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Showing: 41-50 results of 6974

THE POLICY OF PEACEFUL PENETRATION IN IRELAND When Pitt and Castlereagh forced through the Act of Union, they forged a weapon with the potentiality of utterly subjecting the Irish nation, of extinguishing wholly its civilisation, its name, and its memory; for they made possible that policy of peaceful penetration which in less than a century brought Ireland lower than she had been brought by five centuries of war and one century of almost... more...

CHAPTER I. ROSEWARNE OF HALL. John Rosewarne sat in his counting-house at Hall, dictating a letter to his confidential clerk. The letter ran— "Dear Sir,—In answer to yours of the 6th inst., I beg to inform you that in consequence of an arrangement with the Swedish firms, by which barrel-staves will be trimmed and finished to three standard lengths before shipment, we are enabled to offer an additional discount of five per... more...

CHAPTER 1 The family of Dashwood had long been settled in Sussex. Their estate was large, and their residence was at Norland Park, in the centre of their property, where, for many generations, they had lived in so respectable a manner as to engage the general good opinion of their surrounding acquaintance. The late owner of this estate was a single man, who lived to a very advanced age, and who for many years of his life, had a constant... more...

Introduction That which we call 'The Bible' has the outward appearance of a book: in reality it is—what the word 'bible' implies in the original Greek—a whole library. More than fifty books, the production of a large number of different authors, representing periods of time extending over many centuries, are all comprehended between the covers of a single volume. There is no greater monument of the power of printing to diffuse... more...

During the summer of 1867 I had the opportunity (which I had often wished for) of expressing in print my estimate and admiration of the works of the American poet Walt Whitman.[1] Like a stone dropped into a pond, an article of that sort may spread out its concentric circles of consequences. One of these is the invitation which I have received to edit a selection from Whitman's writings; virtually the first sample of his work ever published in... more...


OSCAR WILDE   ears ago, in a Paris club, one man said to another: "Well, what's up?" The other shook a paper: "There is only one genius in England and they have put him in jail." One may wonder though whether it were their doing, or even Wilde's, that put him there. One may wonder whether it were not the high fates who so gratified him in order that, from his purgatory, he might rise to a life more evolved. But that view is perhaps... more...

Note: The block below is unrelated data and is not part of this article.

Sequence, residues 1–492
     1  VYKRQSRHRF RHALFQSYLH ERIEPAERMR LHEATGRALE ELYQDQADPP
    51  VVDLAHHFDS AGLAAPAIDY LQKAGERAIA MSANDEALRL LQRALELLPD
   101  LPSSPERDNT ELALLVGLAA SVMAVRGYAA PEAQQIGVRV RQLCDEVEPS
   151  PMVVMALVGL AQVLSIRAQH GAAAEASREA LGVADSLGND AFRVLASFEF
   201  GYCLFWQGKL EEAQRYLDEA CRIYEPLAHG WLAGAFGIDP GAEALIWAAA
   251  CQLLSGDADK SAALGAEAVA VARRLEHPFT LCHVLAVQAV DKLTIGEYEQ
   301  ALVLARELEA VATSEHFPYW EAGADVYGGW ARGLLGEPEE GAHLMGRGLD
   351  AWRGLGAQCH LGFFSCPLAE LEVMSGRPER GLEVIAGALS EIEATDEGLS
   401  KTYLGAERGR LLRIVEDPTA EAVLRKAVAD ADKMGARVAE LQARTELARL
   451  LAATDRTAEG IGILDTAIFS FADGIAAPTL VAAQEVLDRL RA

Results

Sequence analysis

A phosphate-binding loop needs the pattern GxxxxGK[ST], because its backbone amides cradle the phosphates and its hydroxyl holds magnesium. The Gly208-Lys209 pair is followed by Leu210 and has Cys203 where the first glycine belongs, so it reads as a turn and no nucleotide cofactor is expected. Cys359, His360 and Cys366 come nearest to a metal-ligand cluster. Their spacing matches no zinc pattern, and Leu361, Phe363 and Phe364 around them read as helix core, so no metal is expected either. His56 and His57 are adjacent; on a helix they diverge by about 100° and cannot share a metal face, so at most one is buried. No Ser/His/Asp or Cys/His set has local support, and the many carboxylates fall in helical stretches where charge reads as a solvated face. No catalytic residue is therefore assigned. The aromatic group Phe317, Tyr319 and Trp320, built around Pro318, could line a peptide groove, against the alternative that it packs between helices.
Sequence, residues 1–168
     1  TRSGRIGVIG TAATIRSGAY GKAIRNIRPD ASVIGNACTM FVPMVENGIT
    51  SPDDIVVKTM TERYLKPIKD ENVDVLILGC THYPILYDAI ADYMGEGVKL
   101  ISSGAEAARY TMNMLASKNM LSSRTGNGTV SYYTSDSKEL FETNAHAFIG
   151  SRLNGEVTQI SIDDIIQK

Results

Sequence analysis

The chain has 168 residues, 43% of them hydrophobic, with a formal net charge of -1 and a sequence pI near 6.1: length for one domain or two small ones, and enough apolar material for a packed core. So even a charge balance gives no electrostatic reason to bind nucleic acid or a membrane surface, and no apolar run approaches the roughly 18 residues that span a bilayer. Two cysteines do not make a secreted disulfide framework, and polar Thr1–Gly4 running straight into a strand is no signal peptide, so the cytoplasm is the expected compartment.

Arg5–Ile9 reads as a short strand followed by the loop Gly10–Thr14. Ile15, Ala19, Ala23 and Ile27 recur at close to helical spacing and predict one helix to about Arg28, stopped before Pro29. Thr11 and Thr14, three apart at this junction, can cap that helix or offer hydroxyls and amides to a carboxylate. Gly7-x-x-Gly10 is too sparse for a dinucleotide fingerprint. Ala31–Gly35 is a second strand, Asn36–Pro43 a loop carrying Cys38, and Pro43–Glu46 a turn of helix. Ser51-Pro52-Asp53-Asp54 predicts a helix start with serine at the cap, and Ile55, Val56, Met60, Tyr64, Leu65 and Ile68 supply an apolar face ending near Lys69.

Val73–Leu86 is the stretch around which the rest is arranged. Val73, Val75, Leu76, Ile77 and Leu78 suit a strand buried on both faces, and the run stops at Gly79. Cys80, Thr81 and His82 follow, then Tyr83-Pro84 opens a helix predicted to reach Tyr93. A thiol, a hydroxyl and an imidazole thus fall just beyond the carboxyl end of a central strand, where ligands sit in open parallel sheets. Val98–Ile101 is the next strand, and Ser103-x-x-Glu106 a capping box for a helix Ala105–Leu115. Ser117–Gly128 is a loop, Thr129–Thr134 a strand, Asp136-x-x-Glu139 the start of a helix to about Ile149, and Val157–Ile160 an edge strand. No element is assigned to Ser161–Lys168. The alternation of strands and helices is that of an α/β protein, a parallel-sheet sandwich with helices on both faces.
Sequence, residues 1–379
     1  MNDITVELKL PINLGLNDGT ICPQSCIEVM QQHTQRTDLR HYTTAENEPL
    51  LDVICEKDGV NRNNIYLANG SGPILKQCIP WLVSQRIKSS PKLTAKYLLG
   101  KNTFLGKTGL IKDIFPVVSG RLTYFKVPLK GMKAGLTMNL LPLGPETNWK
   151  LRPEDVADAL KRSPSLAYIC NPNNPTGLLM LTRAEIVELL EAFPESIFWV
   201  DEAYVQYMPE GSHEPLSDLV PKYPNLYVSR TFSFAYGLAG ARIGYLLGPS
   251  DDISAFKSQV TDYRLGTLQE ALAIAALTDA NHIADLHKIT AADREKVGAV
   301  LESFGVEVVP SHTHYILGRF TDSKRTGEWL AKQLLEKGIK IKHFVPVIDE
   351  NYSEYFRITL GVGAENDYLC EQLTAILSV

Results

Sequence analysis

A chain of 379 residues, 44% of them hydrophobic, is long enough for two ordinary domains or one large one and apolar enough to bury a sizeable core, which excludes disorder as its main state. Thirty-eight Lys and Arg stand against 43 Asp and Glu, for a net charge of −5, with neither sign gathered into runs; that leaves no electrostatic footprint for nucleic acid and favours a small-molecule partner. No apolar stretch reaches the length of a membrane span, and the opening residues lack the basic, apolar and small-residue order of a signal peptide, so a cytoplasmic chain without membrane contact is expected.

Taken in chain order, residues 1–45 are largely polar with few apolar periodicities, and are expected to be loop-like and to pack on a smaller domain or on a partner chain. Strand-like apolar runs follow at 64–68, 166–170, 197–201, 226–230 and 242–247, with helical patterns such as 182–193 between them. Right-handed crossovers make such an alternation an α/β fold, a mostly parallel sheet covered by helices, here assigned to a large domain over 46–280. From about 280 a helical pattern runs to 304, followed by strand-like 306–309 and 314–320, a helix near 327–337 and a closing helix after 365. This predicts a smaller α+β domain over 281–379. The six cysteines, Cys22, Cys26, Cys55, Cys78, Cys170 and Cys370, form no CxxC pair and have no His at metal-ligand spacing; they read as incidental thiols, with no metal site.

I Xiormonez is the most inaccessible place in Spain. Only one train arrives there in the course of the day, and that arrives at two o'clock in the morning; only one train leaves it, and that starts an hour before sunrise. No one has ever been able to discover what happens to the railway officials during the intermediate one-and-twenty hours. A German painter I met there, who had come by the only train, and had been endeavouring for a fortnight... more...

PREFACE The "Manifesto" was published as the platform of the "Communist League," a workingmen's association, first exclusively German, later on international, and, under the political conditions of the Continent before 1848, unavoidably a secret society. At a Congress of the League, held in London in November, 1847, Marx and Engels were commissioned to prepare for publication a complete theoretical and practical party programme. Drawn up in... more...

THE ORDER OF THE BOOKS In the English Bible the books of the Old Testament are arranged, not in the order in which they appear in the Hebrew Bible, but in that assigned to them by the Greek translation. In this translation the various books are grouped according to their contents—first the historical books, then the poetic, and lastly the prophetic. This order has its advantages, but it obscures many important facts of which the Hebrew... more...

CHAPTER VIII. FLIGHT AND DEATH OF POMPEY. Pursuit of the vanquished.Pompey recovers himself. Caesar pursued the discomfited and flying bodies of Pompey's army to the camp. They made a brief stand upon the ramparts and at the gates in a vain and fruitless struggle against the tide of victory which they soon perceived must fully overwhelm them. They gave way continually here and there along the lines of intrenchment, and column after column of... more...